Are you Christmas ready? Just a few weeks to go to see the family and friends you missed out on last year. Presents? Tree (eco-friendly of course)? Turkey ordered? Decorations ready? Cards ready to post? Yes, “tick” to everything, but what about the most important thing? The glue that sticks everything together, the small, but probably the most significant thing of all? Yes, I am talking about the Brussels sprout, that little gem of flavour which has come in for some criticism over the years.
Start cooking them early…or not!
The legendary broadcaster, Terry Wogan, used to joke about getting the sprouts on early to make them edible. Sometime in August was always his recommendation. But those who love these healthy little vegetables know very differently. They are a member of the cabbage family; each individual sprout is in fact a bud, awaiting its chance to swell and grow and ultimately flower to produce seeds and start the cycle all over again.
Grown around Brussels
They were first introduced into Europe in the 5th century and cultivated in the 13th century in significant numbers in Belgium. This was around the area of Brussels where their name was derived. The Latin name for the species is Gemmifera meaning “bud producing” and, once set, they grow slowly and are an ideal harvest from September through to March where we wave them a fond farewell until the following season.
Not the children’s favourite
As a child I disliked them, noting they always seemed a little bitter but, in recent years, the bitterness has been bred out of them; indeed after a good frost they become almost sweet! They are extremely nutritious if you include them as part of your “five a day”. My own daughter didn’t take to them when she was small, but when they were described as “baby cabbages”, she polished them off thinking they were indeed of that species.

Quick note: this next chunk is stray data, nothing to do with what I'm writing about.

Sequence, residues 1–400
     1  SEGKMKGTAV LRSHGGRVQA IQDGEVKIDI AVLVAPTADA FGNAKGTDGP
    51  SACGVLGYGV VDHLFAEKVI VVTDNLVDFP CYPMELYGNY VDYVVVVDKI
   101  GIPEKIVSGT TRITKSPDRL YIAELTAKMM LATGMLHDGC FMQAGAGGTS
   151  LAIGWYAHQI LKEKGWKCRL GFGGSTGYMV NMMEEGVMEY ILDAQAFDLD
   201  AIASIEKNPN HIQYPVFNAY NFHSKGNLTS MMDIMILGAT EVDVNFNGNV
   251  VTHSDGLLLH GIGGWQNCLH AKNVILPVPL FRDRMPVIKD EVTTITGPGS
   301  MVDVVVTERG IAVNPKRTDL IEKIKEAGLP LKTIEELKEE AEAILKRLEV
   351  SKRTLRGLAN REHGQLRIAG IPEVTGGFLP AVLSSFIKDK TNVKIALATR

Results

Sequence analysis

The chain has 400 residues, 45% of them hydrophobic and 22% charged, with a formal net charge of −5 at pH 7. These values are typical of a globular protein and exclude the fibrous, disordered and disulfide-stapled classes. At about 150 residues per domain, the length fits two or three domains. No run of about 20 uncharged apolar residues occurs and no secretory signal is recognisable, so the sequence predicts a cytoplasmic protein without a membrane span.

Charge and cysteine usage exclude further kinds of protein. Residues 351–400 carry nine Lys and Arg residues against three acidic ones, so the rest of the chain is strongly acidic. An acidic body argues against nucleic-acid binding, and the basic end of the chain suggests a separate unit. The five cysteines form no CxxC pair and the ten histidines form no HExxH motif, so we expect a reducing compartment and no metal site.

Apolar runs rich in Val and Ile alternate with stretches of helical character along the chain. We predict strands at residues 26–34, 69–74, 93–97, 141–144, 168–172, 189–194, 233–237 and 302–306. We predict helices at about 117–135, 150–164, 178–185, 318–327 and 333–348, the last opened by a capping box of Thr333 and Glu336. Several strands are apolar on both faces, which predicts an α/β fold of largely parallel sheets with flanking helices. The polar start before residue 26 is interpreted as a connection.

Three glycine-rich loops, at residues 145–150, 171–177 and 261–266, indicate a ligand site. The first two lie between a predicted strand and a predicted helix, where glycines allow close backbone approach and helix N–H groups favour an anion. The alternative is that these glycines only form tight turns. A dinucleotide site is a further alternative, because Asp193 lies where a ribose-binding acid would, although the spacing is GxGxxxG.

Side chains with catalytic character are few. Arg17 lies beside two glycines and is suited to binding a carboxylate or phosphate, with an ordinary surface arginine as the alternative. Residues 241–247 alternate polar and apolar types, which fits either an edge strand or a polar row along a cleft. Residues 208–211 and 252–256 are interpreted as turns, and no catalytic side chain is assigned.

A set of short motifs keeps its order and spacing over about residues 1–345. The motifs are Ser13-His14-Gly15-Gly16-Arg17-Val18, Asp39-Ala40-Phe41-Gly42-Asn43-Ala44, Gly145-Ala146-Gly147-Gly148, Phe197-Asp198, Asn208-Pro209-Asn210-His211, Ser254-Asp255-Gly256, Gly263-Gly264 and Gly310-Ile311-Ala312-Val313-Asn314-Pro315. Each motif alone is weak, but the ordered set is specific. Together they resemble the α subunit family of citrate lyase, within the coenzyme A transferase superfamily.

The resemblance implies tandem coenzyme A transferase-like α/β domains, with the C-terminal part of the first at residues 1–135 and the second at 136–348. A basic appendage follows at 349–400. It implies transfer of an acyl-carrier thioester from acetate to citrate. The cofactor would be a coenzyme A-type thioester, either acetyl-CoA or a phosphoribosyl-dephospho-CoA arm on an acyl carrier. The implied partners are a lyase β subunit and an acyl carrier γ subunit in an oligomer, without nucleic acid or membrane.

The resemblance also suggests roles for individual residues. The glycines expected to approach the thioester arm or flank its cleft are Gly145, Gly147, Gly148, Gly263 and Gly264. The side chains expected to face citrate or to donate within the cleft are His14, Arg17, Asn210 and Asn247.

Television chefs have increased their popularity in recent times by frying, adding bacon or chicken, putting them in a cream sauce, but they are not the favourite vegetable of the Millennium generation.
The cost of these little gems has risen in recent years as it’s time-consuming picking them by hand. Realistically it’s only the supermarkets who dictate the low cost; as you get identical sorted and washed and peeled varieties, you do wonder what the waste is during the preparation process.
A few years back, local farmers came up with a solution to make buying sprouts more cost effective: they would employ 30 people to pick and bag millions of individual sprouts.
This was not really cost effective; it became the norm to just cut the stalks completely and sell them individually so the labour force could be reduced by two thirds, and once again they became a cost-effective accompaniment to a meal.
TV chefs added their stamp
Then TV chefs climbed on the bandwagon and suddenly sprout tops became fashionable, pan fried with garlic and so on, but this didn’t catch on as most tops were damaged by hungry pigeons so not aesthetically attractive.
More ways of cooking brussels sprouts
I have been asked how I like my sprouts: well I enjoy them best two ways, firstly with the traditional roast dinner and, more lately and probably gross to most people, sprout masala with a side of curried cauliflower.
So get out there folks and buy your sprout stalks soon: they keep best outside in a bucket of water. Have a fantastic Christmas and remember to put the used stalks in your garden or food recycle bin.